Jean-Albert Lièvre is a French documentary filmmaker, photographer, and author. He currently lives and works between Paris and Corsica. A lover of moving images and visual arts from a young age,

Jean-Albert entered the world of film production in 1984, organizing press and communications all over Europe for Japanese production companies.
In 1986 he began working on wildlife documentaries for television and the IMAX circuits. As line producer, then assistant director, these projects marked his first steps in a long and ongoing journey of discovery and adventure across the globe.

It was in 1992 that Jean-Albert directed his first film, “The History of a Yucatan Cisal Rope”. The film was created for Ushuaia, a nature program that in its 25-year span became a household name for wildlife and environmental documentaries in France.

Years of travel to little-known corners and an intimate view of metropolitan cities around the world inspired Jean-Albert to set up his own documentary production company in 1997, creating programs addressing environmental and discovery issues. His films “Act for the Environment”, “Nature’s Agenda”, and “Weather Reports from Outer Space” acted as a call-to-action for the appreciation of our planet, and a conscious recognition of our place in it.

Through his work centering on the observation of nature, Jean-Albert has become a sort of “accidental environmentalist”. His voice unwittingly echoes a case for preservation and insists on the necessity of existing with nature. He has lent his experience to major organizations and multinational companies like UNICEF, the European Space Agency, and Vivendi Universal, directing communication films intended for international audiences.

In 2005, he participated as art director in the creation of the Ushuaia Television channel for premier French network TF1, leading to the birth of the nature program “On the road to Ushuaia”, which is still aired today. In 2007 Jean-Albert was commissioned by President Chirac to direct the opening film for the Citizen of the Earth conference in Paris on behalf of the French Presidency. That same year, he wrote, co-produced, and directed “The Titanic Syndrome” with Nicolas Hulot, a documentary feature film on globalization and industrialization in the 21st century, and the state of our relationship with our planet. The film was screened in cinemas in France and many European countries.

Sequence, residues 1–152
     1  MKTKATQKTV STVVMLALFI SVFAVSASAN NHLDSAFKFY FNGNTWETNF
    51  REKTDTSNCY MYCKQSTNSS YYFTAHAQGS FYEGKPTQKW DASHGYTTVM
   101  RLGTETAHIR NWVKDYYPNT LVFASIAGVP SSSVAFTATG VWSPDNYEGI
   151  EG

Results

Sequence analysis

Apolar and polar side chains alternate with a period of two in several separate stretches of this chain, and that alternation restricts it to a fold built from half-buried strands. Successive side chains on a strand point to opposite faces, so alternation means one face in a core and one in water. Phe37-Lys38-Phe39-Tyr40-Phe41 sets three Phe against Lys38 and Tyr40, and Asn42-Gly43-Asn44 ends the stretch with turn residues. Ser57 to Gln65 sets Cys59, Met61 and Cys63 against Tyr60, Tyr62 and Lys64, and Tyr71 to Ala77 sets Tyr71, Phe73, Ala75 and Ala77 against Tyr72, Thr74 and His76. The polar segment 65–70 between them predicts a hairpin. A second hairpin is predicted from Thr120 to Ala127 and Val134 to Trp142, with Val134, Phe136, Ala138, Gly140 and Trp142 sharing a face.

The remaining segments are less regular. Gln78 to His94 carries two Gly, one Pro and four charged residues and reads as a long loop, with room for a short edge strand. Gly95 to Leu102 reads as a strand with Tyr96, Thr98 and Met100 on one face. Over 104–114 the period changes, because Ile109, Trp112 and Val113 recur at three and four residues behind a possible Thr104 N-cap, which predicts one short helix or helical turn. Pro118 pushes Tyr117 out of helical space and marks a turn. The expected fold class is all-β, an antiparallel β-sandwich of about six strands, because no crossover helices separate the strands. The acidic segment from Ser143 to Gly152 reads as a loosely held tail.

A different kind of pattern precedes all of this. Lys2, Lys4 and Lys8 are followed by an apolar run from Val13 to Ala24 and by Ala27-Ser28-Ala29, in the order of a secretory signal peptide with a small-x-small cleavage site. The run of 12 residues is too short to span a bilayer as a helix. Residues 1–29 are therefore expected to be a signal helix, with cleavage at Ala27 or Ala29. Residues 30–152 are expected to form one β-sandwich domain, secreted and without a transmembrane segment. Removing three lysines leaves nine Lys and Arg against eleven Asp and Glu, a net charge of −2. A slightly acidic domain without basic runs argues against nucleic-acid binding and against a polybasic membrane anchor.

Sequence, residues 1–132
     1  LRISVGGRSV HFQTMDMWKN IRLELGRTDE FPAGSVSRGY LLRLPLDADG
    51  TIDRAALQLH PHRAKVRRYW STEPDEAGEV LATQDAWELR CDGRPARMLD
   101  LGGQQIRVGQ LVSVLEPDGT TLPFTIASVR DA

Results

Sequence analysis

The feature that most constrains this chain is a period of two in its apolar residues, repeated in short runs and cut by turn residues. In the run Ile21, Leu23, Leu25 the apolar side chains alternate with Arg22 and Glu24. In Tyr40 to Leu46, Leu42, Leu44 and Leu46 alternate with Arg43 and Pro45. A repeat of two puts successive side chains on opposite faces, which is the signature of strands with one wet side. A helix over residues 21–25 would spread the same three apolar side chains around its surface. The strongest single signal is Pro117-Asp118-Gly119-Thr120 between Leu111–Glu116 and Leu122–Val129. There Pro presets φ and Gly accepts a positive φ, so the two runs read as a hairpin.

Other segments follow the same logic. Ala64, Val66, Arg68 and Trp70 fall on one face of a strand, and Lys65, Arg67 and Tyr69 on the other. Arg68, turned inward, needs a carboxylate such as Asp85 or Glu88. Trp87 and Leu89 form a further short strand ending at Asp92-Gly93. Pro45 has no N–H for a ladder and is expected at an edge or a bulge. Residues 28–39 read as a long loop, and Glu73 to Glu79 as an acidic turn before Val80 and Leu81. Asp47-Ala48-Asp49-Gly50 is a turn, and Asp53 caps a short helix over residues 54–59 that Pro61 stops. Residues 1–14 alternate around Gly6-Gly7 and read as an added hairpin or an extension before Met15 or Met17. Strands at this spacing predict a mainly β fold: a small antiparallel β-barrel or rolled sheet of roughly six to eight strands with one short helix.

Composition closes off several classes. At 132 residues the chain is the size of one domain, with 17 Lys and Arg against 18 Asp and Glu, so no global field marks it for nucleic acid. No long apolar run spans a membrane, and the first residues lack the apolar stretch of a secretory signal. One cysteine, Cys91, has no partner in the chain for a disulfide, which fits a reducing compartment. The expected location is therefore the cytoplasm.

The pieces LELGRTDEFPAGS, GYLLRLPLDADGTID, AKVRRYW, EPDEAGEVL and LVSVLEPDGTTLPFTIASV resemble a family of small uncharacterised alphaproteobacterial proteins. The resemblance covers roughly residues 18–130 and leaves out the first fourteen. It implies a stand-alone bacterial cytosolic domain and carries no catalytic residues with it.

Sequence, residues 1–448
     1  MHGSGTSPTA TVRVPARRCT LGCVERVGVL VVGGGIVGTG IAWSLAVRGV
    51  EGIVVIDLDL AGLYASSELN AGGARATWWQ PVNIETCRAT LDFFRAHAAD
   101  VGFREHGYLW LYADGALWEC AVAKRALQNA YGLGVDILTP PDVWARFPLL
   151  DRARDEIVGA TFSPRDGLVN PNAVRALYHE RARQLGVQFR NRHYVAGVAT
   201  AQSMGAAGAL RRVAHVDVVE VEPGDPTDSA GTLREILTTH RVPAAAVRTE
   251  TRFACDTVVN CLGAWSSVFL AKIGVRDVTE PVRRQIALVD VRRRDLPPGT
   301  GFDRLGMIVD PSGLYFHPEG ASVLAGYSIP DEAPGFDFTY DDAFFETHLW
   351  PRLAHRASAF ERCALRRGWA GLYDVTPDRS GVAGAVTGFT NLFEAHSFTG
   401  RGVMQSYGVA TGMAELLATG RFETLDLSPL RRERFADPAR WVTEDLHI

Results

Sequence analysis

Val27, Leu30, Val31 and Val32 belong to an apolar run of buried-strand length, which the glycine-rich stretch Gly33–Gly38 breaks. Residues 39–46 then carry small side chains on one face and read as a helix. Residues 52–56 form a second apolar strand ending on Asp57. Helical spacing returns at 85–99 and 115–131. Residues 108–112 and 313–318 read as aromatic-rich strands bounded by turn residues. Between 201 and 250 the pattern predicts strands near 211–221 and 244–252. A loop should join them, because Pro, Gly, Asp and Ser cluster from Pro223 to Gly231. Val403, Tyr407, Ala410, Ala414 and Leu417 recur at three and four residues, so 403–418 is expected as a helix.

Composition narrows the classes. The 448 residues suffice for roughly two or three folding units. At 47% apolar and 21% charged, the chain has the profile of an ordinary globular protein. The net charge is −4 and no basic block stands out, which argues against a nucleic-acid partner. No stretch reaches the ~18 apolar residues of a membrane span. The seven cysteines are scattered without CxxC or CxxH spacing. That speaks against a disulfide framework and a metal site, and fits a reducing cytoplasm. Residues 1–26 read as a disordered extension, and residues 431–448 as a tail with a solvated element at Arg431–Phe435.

From 2010 to 2015 Jean-Albert took leave of film production to care for his mother, who was stricken with Alzheimer’s disease. Against the advice of doctors, he brought his mother out of clinical care where her condition was worsening, to their familial home in Corsica. There, against a backdrop of nature surrounded by family, caretakers, and a doctor who searched beyond the lengthy list of prescription medication, Jean-Albert’s mother regained a lease of life, with moments of lucidity and the restoration of muscular and motor skills. Struck by the amelioration of his mother’s health, Jean-Albert began filming her days, and in 2014 released “Flore”, a feature documentary on his mother’s final years. Named for his mother, “Flore” was awarded Best Documentary at the Colcoa Film Festival in Los Angeles, won the Public award at the Washington Film festival, and was presented in New York, Vancouver, and Brussels. “Flore” has since inspired many medical professionals working with Alzheimer’s and those touched by the disease to reconsider standard practices of clinical care.

Throughout his career in moving images, Jean-Albert has always harbored a passion for still photography. In 2006 he published Shadowman, a book of photographs on the ephemeral poetry of shadows, distributed in France and the USA. He is a member of The Explorer’s Club of New York, a winner of the Rolex Award, and has won awards in numerous international festivals.